Nashville vocalist/guitarist Patrick Sweany doesn’t hold back on his latest studio album, Ancient Noise.
Sweany recorded the new tunes with GRAMMY® Award-winning engineer/producer Matt Ross-Spang after Ross-Spang invited Sweany to check out his new homebase at legendary Sam Phillips Recording in Memphis. The studio that Phillips had custom built in the 70s has been meticulously refurbished by the Phillips family.
“Sam Phillips Recording is the best place on earth to record a rock ‘n’ roll album,” says Sweany. “I live for going into the sessions with no pre-production rehearsals with the band, we just cut the album on the floor of Studio A song-by-song.”
For the sessions, Sweany recruited longtime collaborator Ted Pecchio on bass (Doyle Bramhall II, Col. Bruce Hampton) and ex-Wilco drummer Ken Coomer both from Nashville. When Sweany needed some organ on a song, Ross-Spang got in touch with Charles Hodges, a veteran Memphis session player best known for playing with Al Green on all of his seminal records.
Hodges fit in so well, he ended up on nearly every track on Ancient Noise. “Charles truly elevated the entire experience,” says Sweany. “In fact, when we met on the first day of recording, Charles led us through a prayer before we had even played a single note together. I’m not particularly religious, but I have to say that was quite the experience and really set the tone of the album. The music is refined, emotional, and I was taken out of my comfort zone many times, which leads to the magic you’re looking for when the tape is rolling.”
The record opens with two tracks (“Old Time Ways” and “Up & Down”) that recall the howling vocals and raw guitar work that first put Sweany on the map over a decade ago.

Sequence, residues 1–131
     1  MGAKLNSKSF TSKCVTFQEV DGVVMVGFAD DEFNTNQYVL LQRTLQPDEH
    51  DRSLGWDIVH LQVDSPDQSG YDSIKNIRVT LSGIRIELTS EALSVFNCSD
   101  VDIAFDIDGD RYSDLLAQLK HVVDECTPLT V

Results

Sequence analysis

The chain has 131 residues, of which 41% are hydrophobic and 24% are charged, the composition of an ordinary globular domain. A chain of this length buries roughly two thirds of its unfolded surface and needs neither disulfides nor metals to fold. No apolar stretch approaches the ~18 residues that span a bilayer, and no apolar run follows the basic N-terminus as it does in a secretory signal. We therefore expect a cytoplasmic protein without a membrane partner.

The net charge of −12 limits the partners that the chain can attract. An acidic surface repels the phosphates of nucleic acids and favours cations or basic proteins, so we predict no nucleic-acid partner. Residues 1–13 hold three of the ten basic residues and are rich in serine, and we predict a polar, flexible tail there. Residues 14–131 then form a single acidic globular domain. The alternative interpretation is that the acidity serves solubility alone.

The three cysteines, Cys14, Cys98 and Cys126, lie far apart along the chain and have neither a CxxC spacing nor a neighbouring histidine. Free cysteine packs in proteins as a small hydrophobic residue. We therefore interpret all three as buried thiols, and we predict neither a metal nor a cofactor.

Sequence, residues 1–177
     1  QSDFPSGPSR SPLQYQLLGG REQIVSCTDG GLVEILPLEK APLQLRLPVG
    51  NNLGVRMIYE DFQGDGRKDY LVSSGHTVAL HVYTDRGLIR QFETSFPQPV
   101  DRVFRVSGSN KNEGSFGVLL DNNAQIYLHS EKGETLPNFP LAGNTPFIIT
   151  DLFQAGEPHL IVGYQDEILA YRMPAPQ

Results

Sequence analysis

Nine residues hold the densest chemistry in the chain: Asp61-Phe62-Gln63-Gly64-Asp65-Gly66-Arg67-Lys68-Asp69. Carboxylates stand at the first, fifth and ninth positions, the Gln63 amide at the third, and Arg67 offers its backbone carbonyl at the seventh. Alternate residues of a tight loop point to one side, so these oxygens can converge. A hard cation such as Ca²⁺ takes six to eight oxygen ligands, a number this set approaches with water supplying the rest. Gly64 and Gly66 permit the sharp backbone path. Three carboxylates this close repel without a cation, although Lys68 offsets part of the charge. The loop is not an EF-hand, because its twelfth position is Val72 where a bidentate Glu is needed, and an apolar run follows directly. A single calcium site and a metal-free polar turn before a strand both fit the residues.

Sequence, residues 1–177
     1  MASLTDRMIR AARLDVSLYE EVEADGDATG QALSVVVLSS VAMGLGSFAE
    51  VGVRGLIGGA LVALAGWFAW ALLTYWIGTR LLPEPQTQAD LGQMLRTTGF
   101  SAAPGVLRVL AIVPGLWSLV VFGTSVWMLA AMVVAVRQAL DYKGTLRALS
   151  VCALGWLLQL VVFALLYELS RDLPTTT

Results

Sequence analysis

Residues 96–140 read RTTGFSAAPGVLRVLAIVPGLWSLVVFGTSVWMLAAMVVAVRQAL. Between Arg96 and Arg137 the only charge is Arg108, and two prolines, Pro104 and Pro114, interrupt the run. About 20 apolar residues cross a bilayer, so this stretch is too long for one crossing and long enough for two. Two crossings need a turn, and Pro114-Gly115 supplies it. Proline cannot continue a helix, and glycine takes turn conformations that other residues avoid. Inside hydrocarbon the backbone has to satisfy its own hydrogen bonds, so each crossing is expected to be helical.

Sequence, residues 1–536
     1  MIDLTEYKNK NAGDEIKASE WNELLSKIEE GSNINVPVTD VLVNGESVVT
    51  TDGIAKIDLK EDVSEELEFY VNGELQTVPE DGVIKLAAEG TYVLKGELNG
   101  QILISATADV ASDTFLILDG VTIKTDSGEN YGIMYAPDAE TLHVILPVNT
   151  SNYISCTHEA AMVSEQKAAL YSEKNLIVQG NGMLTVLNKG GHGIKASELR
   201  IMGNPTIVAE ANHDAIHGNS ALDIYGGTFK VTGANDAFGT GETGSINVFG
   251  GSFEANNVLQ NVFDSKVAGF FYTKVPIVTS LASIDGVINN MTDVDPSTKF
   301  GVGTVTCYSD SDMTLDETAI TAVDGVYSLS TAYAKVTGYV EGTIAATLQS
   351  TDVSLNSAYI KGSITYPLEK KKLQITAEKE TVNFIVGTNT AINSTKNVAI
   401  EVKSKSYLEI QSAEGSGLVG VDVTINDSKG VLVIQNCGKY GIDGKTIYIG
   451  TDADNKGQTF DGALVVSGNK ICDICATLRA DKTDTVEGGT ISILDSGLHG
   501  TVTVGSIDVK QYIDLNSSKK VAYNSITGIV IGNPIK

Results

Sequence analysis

However, getting out of his comfort zone meant reimagining a lot of the songs Sweany had penned for Ancient Noise, none more so that the third track “Country Loving.” With Hodges’ grand piano front and center, Sweany croons like a young Tom Waits about long-term relationships, the stresses, the simple pleasures, the building of memories. It’s the most vulnerable song he’s ever recorded - and it heralds a new confidence in taking risks.
That confidence pushes through the rest of the record, where Sweany and the band delve deep into Allen Toussaint-style funk on “No Way No How,” the organ fueled “Get Along,” and “Cry Of Amédé,” which touches on the life of Amédé Ardoin, a brilliant, pioneering Creole musician who was brutally beaten in 1934 for accepting a hankerchief from a white woman.
Other tracks recall even wider influences: “Outcast Blues” has a bluesy lurch that recalls The Stones’ Exile On Main Street; “Play Around” has an early 60s do wop feel, and album closer “Victory Lap” ends with a raving coda that would make Bob Seger proud.
Ancient Noise is Patrick Sweany’s eigth full-length album, and it finds Sweany in top form, willing to push himself stylistically to great effect.